Writing in the Paris of 1914, Leopold Survage proclaimed:
“Painting, having liberated itself from the conventional forms of objects in the exterior world, has conquered the terrain of abstract forms. It must get rid of its last and principle shackle –immobility– so as to become as supple and rich a means of expressing our emotions as music is. Everything that is accessible to us has its duration in time, which finds its strongest manifestation in rhythm, action, and movement, real, arranged, and unarranged.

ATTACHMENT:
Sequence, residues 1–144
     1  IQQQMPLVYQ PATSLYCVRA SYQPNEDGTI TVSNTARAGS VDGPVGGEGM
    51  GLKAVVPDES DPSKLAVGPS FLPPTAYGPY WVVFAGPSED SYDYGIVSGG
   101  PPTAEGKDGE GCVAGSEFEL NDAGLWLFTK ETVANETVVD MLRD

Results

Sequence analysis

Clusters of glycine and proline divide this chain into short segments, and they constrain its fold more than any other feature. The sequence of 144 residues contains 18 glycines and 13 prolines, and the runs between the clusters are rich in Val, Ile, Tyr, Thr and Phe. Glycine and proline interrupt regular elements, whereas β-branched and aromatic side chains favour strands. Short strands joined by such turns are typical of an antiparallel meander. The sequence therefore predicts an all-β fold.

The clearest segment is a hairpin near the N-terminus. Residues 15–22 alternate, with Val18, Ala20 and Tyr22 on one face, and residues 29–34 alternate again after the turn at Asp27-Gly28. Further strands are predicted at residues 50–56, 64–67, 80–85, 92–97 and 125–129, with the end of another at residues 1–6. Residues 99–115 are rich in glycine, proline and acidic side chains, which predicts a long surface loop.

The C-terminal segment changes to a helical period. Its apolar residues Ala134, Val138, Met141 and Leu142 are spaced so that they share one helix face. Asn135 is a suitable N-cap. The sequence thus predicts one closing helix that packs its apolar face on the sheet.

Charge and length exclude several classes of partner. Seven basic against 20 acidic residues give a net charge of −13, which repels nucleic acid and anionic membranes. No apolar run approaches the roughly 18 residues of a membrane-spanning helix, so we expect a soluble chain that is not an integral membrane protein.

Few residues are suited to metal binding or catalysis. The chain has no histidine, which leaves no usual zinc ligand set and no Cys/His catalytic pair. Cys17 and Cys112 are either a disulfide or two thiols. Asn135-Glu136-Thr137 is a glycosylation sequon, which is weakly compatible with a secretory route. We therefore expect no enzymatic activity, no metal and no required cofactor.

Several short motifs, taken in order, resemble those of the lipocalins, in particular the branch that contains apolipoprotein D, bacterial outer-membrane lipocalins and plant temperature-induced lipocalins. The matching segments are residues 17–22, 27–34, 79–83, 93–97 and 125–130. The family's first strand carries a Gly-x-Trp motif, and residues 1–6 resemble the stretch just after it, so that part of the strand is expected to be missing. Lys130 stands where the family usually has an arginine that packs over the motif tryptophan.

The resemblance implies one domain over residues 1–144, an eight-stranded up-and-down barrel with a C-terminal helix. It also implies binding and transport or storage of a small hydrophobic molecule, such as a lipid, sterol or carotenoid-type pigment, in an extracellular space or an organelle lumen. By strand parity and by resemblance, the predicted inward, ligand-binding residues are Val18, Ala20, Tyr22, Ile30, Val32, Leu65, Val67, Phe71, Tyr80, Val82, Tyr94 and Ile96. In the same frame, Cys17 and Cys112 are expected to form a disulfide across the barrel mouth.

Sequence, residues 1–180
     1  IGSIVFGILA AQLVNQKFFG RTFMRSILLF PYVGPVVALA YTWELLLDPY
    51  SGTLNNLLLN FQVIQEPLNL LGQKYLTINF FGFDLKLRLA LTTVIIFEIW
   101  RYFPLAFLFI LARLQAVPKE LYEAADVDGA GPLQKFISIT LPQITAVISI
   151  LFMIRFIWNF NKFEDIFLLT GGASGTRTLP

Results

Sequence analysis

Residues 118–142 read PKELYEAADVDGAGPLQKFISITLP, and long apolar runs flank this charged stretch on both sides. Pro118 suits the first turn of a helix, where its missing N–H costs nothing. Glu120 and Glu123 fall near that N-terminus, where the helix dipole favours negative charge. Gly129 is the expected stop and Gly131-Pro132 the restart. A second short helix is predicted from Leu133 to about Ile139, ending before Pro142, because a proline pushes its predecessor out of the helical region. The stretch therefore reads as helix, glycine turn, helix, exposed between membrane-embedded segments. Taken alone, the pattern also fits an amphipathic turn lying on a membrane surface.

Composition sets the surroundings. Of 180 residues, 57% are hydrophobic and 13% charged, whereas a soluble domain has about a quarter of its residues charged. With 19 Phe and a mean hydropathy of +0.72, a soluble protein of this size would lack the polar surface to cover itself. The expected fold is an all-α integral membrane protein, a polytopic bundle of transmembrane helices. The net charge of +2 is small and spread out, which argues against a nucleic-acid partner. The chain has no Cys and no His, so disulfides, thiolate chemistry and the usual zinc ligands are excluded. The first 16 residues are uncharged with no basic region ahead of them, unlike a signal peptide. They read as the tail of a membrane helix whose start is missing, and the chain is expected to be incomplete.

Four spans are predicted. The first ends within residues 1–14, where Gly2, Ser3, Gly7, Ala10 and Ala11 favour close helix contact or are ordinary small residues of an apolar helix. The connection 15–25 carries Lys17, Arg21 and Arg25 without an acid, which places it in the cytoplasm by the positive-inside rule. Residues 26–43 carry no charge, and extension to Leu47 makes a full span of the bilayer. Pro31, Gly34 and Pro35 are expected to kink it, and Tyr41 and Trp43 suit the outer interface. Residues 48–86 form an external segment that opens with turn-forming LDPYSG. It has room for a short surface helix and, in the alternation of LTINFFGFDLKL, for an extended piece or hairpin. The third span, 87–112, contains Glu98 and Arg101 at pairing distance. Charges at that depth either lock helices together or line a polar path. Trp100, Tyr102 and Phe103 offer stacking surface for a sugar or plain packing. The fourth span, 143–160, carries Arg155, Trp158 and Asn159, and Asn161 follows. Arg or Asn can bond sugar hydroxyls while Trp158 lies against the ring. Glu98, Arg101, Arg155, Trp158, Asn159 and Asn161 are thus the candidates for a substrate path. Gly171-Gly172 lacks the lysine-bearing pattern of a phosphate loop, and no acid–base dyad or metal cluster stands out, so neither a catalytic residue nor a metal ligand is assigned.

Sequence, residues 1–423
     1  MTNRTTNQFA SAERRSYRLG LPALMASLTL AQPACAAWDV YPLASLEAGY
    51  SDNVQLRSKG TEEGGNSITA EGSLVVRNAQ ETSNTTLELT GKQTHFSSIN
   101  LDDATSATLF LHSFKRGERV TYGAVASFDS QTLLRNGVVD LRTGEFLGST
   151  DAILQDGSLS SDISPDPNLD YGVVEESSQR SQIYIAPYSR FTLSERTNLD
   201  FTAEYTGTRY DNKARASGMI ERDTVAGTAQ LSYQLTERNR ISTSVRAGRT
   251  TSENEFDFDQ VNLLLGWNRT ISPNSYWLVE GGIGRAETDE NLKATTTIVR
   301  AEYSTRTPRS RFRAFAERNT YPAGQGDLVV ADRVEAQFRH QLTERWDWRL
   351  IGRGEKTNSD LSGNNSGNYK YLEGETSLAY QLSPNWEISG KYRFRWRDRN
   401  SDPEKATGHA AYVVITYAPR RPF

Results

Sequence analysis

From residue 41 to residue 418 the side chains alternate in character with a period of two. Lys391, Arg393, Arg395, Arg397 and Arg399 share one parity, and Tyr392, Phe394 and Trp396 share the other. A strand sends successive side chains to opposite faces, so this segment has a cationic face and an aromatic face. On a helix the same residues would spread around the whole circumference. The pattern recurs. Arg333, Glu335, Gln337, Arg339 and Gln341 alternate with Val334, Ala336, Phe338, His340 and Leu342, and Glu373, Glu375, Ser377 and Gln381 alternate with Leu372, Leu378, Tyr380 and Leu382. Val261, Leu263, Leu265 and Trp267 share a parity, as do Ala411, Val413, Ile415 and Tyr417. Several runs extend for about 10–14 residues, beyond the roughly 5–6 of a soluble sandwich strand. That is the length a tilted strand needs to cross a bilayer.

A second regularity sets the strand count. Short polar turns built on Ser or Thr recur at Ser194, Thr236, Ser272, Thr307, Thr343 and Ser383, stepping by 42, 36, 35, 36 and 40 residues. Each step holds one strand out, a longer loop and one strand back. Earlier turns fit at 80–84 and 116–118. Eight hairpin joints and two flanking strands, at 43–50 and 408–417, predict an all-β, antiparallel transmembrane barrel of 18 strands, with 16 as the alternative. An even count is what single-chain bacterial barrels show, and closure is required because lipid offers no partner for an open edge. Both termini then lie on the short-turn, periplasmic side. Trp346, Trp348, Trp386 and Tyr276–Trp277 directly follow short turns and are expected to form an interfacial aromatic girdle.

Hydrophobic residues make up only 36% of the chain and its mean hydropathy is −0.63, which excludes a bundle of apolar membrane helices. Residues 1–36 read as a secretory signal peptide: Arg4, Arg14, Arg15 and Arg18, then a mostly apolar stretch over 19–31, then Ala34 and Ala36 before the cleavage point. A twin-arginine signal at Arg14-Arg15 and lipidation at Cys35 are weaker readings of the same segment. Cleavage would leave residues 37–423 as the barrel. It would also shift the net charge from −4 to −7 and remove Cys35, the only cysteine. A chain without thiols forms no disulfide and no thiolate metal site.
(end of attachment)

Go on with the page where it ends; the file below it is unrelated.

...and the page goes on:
I will animate my painting. I will give it movement. I will introduce rhythm into the concrete action of my abstract painting, born of my interior life; my instrument will be the cinematographic film, this true symbol of accumulated movement. It will execute the ‘scores’ of my visions, corresponding to my state of mind in its successive phases. I am creating a new visual art in time, that of colored rhythm and rhythmic color.”3